Is there a proof of transferability of laparoscopic psychomotor skills from the Lab to the OR
Competency can be achieved with proper training but aiming to do so during actual live surgeries is tedious, lengthy and might even be considered unethical. Hence other modalities for training have been sought, including and not limited to dry lab training which would allow for rehearsal of skill without time constraint and without patient safety issues. This can be either done via traditional video box trainer or via virtual reality simulators and validation studies (Aggarwal 2006 ) have shown that the skills needed to perform simulation tasks are actually similar to those needed during surgery i. e. proven “construct validity” (Nagendran et al , 2014), with the simulator being more effective than the traditional box trainer as it allows for a more complete surgical experience ( as opposed to the limited tasks performed on the box trainer) and for the metrics to be analyzed thus offering an objective assessment and providing feedback to the trainee.
The assessment methods in the exclusion and inclusion criteria included, pass/fail score, procedure and errors, time to complete and patient discomfort. Nagendran et al (2014) study only considered the randomized clinical trials irrespective of publication, language or blinding status excluding quasi randomized studies. The study’s participants included surgical trainees that had limited laparoscopic experience. the interventions used were trials that compared virtual reality training and other training methods like in job training and traditional training, Results Studies showing differences in time and speed Cristina et al (2014) shows that Sixteen RCT examining skills transfer from the simulated setting an operative setting was suitable for being included in the study. They compared the performance of two groups prior to simulation training and after intervention.
Likewise, two RCT and an observational study showed that simulated trained groups members managed to complete endoscopic task/ procedures in less time compared to those in control groups. One study revealed that participants with simulator training managed to perform upper gastrointestinal endoscopy faster compared to the control group participants. Performance Score According to Christina et al, three studies evaluated performances on the basis of the formula incorporating accuracy and time. Fried et al calculated differences in performance score and revealed that participants in trained groups scored higher compared to control groups. The study also revealed that there was a significant improvement in trained groups compared to control groups. Despite the lack of analyzing the formal subgroups, the decline in the operating time seems to be pronounced in the trials in which trainees got trained on the anomatical models compared to trials that surgical trainees trained in basic task only.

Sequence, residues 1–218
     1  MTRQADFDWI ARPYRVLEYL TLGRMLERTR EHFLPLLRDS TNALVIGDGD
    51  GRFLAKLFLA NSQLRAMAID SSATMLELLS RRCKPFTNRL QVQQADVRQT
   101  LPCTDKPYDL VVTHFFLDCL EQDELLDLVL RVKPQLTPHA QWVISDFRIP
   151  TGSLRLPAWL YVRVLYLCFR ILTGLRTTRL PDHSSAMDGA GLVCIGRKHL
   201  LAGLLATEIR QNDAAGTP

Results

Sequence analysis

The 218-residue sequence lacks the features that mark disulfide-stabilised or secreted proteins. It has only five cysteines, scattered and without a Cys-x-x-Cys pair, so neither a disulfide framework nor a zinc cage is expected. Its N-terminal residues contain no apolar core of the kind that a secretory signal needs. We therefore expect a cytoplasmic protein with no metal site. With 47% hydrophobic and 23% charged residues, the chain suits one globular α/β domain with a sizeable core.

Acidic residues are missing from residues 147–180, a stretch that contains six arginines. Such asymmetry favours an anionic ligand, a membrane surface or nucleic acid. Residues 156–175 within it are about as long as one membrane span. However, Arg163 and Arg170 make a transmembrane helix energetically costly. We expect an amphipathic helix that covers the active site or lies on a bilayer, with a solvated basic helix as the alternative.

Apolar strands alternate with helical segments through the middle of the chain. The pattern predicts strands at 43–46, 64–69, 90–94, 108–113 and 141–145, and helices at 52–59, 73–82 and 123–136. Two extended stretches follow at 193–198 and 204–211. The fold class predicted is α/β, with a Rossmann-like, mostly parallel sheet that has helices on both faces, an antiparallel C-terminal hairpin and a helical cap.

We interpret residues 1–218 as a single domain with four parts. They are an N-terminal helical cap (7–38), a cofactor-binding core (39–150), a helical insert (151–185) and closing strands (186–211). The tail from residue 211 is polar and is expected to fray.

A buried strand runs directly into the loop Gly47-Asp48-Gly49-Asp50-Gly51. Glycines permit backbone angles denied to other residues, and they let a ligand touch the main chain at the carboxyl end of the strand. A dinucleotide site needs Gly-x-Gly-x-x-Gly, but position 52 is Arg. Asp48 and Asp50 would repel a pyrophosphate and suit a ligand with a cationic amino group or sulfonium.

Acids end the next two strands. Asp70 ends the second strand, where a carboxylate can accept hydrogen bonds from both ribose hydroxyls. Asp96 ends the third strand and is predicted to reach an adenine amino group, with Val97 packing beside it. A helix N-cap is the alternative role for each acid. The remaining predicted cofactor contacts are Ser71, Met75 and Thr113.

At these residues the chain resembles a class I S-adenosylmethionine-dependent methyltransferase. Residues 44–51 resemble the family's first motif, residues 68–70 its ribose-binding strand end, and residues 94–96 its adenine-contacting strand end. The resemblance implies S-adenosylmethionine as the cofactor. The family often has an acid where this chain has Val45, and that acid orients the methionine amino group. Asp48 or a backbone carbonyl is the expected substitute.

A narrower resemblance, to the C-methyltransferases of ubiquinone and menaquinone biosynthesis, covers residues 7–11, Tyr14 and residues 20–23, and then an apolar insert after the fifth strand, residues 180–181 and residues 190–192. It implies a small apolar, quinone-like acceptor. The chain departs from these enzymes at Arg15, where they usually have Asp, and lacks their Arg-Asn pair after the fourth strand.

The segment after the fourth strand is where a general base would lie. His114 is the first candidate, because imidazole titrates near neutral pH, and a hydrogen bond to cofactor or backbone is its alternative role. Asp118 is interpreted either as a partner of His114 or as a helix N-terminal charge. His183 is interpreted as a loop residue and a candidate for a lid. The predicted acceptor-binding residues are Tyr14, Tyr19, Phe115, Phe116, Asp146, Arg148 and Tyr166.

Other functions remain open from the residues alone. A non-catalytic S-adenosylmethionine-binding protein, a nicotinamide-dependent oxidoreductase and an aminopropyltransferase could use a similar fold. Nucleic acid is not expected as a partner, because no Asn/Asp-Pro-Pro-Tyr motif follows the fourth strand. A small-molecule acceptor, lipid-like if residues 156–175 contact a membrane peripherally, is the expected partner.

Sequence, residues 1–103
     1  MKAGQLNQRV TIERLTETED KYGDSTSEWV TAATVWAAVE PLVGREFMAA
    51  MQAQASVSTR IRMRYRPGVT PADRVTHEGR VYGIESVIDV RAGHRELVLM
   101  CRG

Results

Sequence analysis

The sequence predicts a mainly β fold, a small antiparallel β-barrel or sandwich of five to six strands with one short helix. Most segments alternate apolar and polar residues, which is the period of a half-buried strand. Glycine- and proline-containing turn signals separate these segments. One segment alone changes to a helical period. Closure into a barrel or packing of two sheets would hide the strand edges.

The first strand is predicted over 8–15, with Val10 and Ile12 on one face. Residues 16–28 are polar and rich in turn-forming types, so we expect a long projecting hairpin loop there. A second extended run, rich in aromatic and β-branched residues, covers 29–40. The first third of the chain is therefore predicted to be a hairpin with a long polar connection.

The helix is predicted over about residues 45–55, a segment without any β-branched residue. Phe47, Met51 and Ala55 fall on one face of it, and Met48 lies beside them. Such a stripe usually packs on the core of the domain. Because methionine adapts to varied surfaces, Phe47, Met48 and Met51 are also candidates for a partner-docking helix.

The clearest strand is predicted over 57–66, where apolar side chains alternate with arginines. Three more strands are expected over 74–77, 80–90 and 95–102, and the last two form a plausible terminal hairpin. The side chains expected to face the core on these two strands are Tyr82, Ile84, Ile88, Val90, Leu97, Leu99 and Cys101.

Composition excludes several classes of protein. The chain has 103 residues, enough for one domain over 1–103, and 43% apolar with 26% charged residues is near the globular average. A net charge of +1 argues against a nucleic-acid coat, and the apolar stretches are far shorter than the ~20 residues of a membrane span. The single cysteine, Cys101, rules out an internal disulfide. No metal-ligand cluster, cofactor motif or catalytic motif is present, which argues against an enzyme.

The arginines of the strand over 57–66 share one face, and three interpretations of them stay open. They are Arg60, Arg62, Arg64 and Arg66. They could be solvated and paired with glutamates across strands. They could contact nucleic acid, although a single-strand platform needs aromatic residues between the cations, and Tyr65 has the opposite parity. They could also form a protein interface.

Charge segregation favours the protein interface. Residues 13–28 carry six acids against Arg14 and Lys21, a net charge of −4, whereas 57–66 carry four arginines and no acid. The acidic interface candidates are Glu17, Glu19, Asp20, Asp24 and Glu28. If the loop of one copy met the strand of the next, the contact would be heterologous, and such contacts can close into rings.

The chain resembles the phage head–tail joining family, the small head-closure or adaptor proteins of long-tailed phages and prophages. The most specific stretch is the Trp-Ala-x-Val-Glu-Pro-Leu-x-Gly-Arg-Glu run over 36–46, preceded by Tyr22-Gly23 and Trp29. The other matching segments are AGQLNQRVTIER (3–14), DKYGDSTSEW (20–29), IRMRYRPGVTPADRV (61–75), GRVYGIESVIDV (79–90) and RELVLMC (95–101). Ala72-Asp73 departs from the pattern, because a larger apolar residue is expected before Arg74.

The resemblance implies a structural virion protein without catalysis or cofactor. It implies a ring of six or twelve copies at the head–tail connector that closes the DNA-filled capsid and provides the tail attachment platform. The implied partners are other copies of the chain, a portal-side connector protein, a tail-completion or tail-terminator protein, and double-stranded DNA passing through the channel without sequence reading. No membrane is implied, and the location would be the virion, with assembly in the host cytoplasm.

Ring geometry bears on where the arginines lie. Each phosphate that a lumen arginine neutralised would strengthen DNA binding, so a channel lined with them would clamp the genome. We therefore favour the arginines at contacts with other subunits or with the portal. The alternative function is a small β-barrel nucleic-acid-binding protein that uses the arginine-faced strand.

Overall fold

Additionally, it is also vivid that simulation training increases the operative appearances compared with the supplementary training. Dawe et al (2014) also shows that there are various benefits that could be derived from successful acquisition of skills in surgical simulation training setting. High level transfer improves patient safety as well as procedure efficiency and cost savings. From Dawe’s et al study, does support the hypothesis showing that simulation-based training has various advantages. Notably, from the review of the existing literature, it is vivid that virtual reality training or simulation training is of great significance compared to other training methods. Studies have shown that it reduces performs errors, increase performance scores as well as the performance time. However, other studies have alleged that tis training technique is similar to other training techniques and it has no advantage over other training techniques.
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